It is usually refreshing at the beginning of each new year to see that activities around the world continue mostly to be surreal, rather than stunted due to a pandemic or other geopolitical concerns.
It’s odd that sports seem to be immune to many of the rules that we have all had to struggle under.
The English football Premiership was the first mass-event spectacle that allowed fans back on the terraces here in my neck of the woods.
I have always loved sports, even though players get paid far too much and the whole thing normally is a circus that we could all ignore.
Already this year, there is the strange tale of tennis No. 1 Novak Djokovic gaining entry into the Australian Open tournament without showing his vaccination status, but by applying for a medical exemption.
Last week Australia denied him entry, canceled his visa and said he didn’t meet the requirements for exemption from vaccination requirements.
Djokovic is on record, although not for a while, saying he is against vaccinations, which of course does not mean he has not been vaccinated, but with Australia’s strict pandemic restrictions, even to the point of not allowing cross-state travel, it is strange as to why Djokovic has gone through this ordeal.
Is it a matter of sports money obliterating all other concerns, or a lack of clarity from the Australian Open?
According to Reuters, the tennis champion was holed up in the Park Hotel in the Melbourne suburb of Carlton, which has been used as a quarantine hotel since the end of 2020.
There will be no unnecessary embarrassment for hoteliers, as this hotel’s purpose at this moment is to provide hospitality for people needing to isolate.
Also, there has been criticism from his native Serbia that somehow Australia is picking on this one Balkan country, rather than really focusing on safeguarding its population, but this is not surreal, just worrying.
It may be that Australia has had a terrible record of trying to safeguard its population, or that its politicians were forced into a kneejerk reaction following protests within the country, but the mere fact that Djokovic is now the center of a storm has created a surreal episode of darkest comedy, which I both relish and bemoan.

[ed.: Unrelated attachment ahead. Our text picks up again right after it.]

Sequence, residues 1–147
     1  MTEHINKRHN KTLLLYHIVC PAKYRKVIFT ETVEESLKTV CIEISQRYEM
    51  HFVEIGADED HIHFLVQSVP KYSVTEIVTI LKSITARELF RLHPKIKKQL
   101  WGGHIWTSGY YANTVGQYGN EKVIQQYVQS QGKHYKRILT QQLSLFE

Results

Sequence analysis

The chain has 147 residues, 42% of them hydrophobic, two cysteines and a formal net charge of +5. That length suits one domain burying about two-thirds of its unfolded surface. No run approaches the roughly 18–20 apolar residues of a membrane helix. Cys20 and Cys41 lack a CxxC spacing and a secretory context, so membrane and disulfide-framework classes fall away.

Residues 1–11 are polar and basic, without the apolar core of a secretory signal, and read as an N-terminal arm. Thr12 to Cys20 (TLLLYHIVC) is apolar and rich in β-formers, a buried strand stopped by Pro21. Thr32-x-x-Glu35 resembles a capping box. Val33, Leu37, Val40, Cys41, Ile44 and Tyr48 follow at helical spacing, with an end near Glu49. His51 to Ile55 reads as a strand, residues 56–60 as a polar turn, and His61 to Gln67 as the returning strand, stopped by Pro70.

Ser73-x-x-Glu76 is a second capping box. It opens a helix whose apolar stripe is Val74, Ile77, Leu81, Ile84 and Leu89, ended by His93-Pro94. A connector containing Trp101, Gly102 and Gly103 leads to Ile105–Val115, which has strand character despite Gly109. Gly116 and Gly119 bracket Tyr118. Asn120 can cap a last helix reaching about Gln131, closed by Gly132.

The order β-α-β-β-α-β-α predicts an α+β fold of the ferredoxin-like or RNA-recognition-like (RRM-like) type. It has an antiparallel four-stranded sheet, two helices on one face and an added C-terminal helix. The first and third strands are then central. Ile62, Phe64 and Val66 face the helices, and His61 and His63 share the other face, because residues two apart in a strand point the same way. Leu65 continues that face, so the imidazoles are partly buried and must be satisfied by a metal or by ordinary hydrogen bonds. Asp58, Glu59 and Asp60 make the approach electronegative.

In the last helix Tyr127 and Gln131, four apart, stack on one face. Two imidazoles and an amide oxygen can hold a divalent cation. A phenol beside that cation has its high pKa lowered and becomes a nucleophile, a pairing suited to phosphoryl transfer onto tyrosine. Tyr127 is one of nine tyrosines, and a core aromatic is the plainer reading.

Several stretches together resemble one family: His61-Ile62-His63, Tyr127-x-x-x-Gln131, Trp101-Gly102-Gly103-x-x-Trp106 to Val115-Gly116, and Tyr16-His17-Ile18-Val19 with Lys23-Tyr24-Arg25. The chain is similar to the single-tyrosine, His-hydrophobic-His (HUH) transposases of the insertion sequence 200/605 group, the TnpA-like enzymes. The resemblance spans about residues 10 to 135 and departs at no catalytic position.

It also might undermine future travel and safety protocols.
At any rate, the tennis tournament begins on Jan. 17 and lasts for two weeks. Let’s hope area hotels do well.
Just as in the United Kingdom, where there were countless rumors of Christmas parties being held in the corridors of power while everyone else was not allowed to gather in almost any number, episodes such as this Australian debacle merely pose the question as to why you and I should bother to be conscientious when clearly others, the powerful and connected, seemingly do not need to be.
It is human nature to want to cut corners in some areas of life.
The organizers of the tennis championship said all the correct checks had been made regarding Djokovic’s entry, although I do not remember them saying what these were, and now that there has been a backlash against them, the latest move is that they are now checking other competitors’ vaccination statuses.
Is that to make us feel better about the whole spectacle, or just Djokovic?
The very, very latest, as readers are probably aware, is that on Jan. 10 an Australian court ruled Djokovic is allowed to leave his “detention” hotel, although it is still not known whether he will compete in the tournament and what reception he will receive.
His family now have spun around faster than a smashed return of a deep lob and said they suddenly have nothing but love for Australia.
Back in the U.K., the latest move is that travelers, including Brits, coming to the U.K. no longer have to take PCR tests in the two days before they arrive. No doubt, that offers encouragement to the hotel and travel industries.
Brits still have to take PCR tests before they leave the U.K. if the country they’re visiting requires them.
That is news of a concrete stature, not a surrealistic one, although the pricing, tender processes and accusations of cronyism connected with PCR-test payments probably could be included in the “surreal” category.
The adjective “surreal” can be attributed to issues and developments that are gloriously strange and fun as well as to those that are worrying, but I think most of us would prefer 2022 to just be normal.
Contact Terence Baker at [email protected].
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